By Francesca James
Two surveys published today by the Institute of Business Ethics set out the views of employees in Great Britain and continental Europe (France, Germany, Italy and Spain) on ethical standards and behaviour in their workplace.
The majority of British (84%) and continental European (77%) employees say that honesty is practiced “Always/Frequently” in their organisation’s daily practices. In addition, the majority of British and continental European employees perceive their organisation as having an ‘ethical culture’ in place - according to seven indicators measuring the ethical behaviour of line management and ethical standards in organisations (at least 60% of respondents agreed with each of seven positive statements*).
However, of the fifth of British employees (20%) and the quarter (28%) of continental European employees aware of misconduct in their organisation in the last year only half in each case (51%) say they reported it.
“Attitudes of indifference (‘It’s none of my business’) and the belief that no corrective action would be taken, deter employees who are aware of misconduct from raising their concerns,” says Simon Webley, IBE’s Research Director. “Businesses need to work harder at communicating the importance of speaking up, and supporting staff who do.”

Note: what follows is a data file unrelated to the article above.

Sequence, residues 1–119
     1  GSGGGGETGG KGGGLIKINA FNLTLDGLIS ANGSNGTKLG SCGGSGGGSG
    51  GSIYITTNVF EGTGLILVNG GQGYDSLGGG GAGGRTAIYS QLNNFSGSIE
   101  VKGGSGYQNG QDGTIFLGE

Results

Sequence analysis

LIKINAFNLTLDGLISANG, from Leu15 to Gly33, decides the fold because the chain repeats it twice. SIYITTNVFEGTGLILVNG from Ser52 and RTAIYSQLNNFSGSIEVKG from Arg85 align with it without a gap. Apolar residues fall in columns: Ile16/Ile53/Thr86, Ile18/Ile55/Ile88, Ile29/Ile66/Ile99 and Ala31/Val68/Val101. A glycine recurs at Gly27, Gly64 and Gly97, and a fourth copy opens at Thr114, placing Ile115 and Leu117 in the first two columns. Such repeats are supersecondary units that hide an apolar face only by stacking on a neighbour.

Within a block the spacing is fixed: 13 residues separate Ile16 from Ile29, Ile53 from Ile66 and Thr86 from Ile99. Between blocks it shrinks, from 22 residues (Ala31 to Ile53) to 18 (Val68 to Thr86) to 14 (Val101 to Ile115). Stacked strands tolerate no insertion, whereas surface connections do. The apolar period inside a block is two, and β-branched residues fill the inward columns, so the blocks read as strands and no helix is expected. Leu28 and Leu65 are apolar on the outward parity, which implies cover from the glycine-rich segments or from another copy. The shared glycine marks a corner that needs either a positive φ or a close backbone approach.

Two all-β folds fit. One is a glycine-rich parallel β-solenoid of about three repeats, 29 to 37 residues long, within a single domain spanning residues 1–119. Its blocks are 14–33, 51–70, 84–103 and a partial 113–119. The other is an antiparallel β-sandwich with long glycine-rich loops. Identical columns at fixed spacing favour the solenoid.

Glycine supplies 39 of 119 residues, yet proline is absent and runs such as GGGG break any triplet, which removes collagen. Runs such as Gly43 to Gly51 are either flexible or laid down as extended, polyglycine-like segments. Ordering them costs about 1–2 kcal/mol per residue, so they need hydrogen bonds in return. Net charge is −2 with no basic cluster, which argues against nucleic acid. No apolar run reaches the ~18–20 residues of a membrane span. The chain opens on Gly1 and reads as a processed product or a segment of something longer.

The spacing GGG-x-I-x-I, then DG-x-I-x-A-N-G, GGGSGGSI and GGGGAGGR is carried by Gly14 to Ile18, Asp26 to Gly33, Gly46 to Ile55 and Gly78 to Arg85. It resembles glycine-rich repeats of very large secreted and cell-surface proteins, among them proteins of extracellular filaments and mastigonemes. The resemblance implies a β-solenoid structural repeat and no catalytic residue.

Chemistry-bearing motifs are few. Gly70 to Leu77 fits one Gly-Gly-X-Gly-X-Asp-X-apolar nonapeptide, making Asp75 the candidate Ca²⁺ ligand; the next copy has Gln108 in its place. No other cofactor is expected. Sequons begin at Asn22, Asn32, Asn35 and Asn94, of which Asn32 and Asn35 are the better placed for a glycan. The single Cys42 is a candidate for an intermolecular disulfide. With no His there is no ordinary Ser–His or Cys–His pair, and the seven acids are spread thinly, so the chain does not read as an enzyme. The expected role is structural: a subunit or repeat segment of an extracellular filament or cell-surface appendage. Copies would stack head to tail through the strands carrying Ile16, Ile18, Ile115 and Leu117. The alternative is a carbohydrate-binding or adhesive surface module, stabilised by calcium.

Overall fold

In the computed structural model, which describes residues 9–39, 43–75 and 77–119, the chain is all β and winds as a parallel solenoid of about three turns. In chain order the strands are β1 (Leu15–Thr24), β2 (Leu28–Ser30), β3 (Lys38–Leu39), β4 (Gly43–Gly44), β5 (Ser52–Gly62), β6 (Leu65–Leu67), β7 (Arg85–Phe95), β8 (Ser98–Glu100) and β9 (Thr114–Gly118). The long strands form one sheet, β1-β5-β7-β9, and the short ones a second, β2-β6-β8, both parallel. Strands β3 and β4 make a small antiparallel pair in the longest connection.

Compared to 2008, components of a formal ethics programme seem more prevalent in Britain, with significant increases in the proportions of British workers saying their organisation provides each of four aspects (written standards on ethical business behaviour, up from 66% in 2008 to 73% in 2012; an anonymous mechanism for reporting misconduct, up from 54% to 69%; training on ethical standards, up from 55% to 62%; and an information helpline on ethical issues, up from 49% to 58%).
The case in continental Europe is less positive. Just half (53%) of employees say their organisation has written standards of ethical business behaviour in place, and less than half of employees say their organisation has an anonymous speak up mechanism (31%) or an advice or information helpline (34%) or provides training (39%) on ethical issues.